Happy Saturday once again, my friends. It’s slated to be a beautiful, sunny day here in mid-Minnesota. On the menu for today: lots of outside work, balanced with some outside play. The garden needs to be tended, we’ve got some painting and staining to do to finish restoring some woodwork, and there is fruit from the black raspberry bushes that is begging to be canned.
Last weekend we attended a family reunion that was oh-so-fun as we caught up with our super-large extended family on all of their goings-on. The 90+ temp day was made surprisingly bearable by the soft breeze that came in from off the lake and the covered picnic shelter that dad rents each year for this event.
As we gear up for our Saturday work/play day, I can’t help but reflect on how joyful the simple life really is. The simple life is different for everyone. Mr. Money Mustache loves his simple life among his closely-knit (both relationship-wise and space-wise) neighbors. We love our simple life where everyone’s house is far away from another, yet we bond closely with our far-away neighbors and with family and friends that visit the farm for afternoon gatherings.
The point of the simple life – whatever your definition of the simple life is – is that your simple life should define the life that brings you joy in personal responsibility. If you go through life dreading each day because you hate your job, you hate your debt load or whatever, I urge you to reconsider what will make you truly happy. This is a loaded question. People often leave marriages, move states or switch jobs because they’re not “happy”. But often times we think we need a change on the outside when what we really need is a change on the inside. Happiness involves finding out who you are and who you are meant to be in a way that takes into consideration not just yourself but those around you as well. Happiness does not mean selfishness. Yes, you can be unhappy because you’re not doing enough for yourself, however; going the other way and considering only yourself as you search for happiness will make you just as unhappy as you were before. Happiness – true happiness – involves searching deep inside yourself for the way in which you were meant to share care with others. It’s about finding out that relationships and how you can lift others up brings much more happiness than “stuff” or even experiences ever will. In this way, the simple life – one without an abundance of material possession – fills many voids.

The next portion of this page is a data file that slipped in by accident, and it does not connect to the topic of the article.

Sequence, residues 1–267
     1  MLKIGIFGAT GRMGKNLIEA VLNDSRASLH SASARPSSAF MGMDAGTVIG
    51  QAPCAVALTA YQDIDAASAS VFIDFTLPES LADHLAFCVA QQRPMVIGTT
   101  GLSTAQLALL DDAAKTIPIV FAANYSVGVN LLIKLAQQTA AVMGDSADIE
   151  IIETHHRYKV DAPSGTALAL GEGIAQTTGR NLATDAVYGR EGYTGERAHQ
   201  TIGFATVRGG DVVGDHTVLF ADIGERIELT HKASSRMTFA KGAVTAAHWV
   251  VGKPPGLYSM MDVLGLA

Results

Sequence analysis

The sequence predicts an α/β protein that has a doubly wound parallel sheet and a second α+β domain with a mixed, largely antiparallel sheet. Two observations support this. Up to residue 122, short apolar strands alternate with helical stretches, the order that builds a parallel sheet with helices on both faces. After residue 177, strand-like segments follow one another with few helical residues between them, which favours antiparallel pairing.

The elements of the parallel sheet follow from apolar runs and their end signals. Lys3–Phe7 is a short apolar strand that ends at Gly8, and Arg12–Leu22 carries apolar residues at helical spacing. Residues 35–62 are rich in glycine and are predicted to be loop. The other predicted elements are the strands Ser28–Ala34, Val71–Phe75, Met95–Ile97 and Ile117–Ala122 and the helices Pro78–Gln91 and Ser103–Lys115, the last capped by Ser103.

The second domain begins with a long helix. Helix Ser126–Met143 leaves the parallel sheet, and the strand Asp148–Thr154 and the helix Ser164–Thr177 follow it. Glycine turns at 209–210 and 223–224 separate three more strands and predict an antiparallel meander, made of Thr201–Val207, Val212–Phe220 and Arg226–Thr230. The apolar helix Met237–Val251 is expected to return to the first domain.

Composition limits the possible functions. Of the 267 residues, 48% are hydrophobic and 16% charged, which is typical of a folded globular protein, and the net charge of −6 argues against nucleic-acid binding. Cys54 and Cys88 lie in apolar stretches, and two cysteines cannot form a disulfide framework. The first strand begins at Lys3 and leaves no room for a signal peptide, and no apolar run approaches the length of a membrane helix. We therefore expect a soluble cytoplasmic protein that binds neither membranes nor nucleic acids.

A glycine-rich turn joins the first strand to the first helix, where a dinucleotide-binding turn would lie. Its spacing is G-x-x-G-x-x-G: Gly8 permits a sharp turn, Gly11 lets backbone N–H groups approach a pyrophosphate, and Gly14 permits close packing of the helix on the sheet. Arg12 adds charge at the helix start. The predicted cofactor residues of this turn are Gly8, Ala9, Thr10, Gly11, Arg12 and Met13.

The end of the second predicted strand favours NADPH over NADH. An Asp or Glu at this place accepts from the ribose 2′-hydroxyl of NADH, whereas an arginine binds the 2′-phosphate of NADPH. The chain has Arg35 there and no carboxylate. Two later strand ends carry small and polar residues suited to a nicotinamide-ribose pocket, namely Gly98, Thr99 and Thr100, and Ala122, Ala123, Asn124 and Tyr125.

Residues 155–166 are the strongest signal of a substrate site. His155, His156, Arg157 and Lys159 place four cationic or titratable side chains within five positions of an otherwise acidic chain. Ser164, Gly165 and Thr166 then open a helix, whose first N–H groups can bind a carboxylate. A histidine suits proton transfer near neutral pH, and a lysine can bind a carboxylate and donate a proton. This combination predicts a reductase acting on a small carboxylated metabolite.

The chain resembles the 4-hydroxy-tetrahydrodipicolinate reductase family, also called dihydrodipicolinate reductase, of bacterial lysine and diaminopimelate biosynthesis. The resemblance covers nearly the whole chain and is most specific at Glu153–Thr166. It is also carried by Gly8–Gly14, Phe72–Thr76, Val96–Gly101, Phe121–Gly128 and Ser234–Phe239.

Our friend Mr. Money Mustache may live in a half million dollar house, but the rest of his life is filled with activities that cost very little. Not because he has to live that way, but because materialism just doesn’t matter to him. Can you live in a half million dollar house and say “materialism doesn’t matter”? Of course you can. Materialism isn’t about ‘stuff” so much as it is about an attitude that the accumulate of stuff will bring you happiness or make you successful.
I have this gut-level feeling – and have for years – that our country is headed for an economic meltdown that will make the Great Depression look like a walk in the park. As such, I study the people of the Great Depression often. Since the average person had no credit card, you lived on the cash that you had, period. No cash, no groceries. No cash, no electricity. No cash, no heat. As such, the people of the Great Depression learned to be extremely inventive when it came to survival. They grew their own food, raised chickens so they could sell eggs for money and have eggs to eat, etc. As I’ve mentioned before, my friend’s grandparents, when they found themselves without work and money during the Depression, moved to a chicken coop and caught bullfrogs for dinner. Some call that disgusting. I call it “creative”. They didn’t give up. They did what they could with the resources they had.
When I think about these types of stories, it makes me more and more motivated to teach the kids to learn to live a more simple life. A life without dining out, without buying things we don’t need. It makes me wonder what we could really accomplish in terms of debt payoff if we truly, truly sacrificed all wants and truly, truly only bought needs. It seems like a tremendous sacrifice for us, but for 90% of the people during the Great Depression, it was simply life.
Along those lines, here are the great reads I found online this week. Enjoy.
Joshua at Becoming Minimalist wrote “Understanding the Diderot Effect” this week. I hadn’t heard of Diderot before I read this article, but I recognized him at first glance in my own life and the lives of those around me. Do you know him?
Derek at Life and My Finances wrote a great post entitled “It’s Not All About Stuff, You Know”. The article chronicles his journey in simple living as he worked like a mad dog at dumping his debt. Awesome story.
Grayson at Debt Roundup wrote about how he brown bagged his way to debt freedom. This post inspired me because again, it’s a mindset issue. In the olden days, everyone brown-bagged it to lunch. Now, somehow we’ve gotten this idea that lunch at a restaurant is a necessity.
Leo over at Zen Habits wrote an awesome article called The Simple Health Plan. This simple living gem will save you a ton of money and will also vastly improve your life.
Jacob at Early Retirement Extreme wrote a thought-provoking article this week entitled Is Your Stuff Holding You Back? Well, is it? At the very least, how is your stuff complicating your life and taking up too much of your time?
Th-th-that’s all, folks, for this weekend. Enjoy!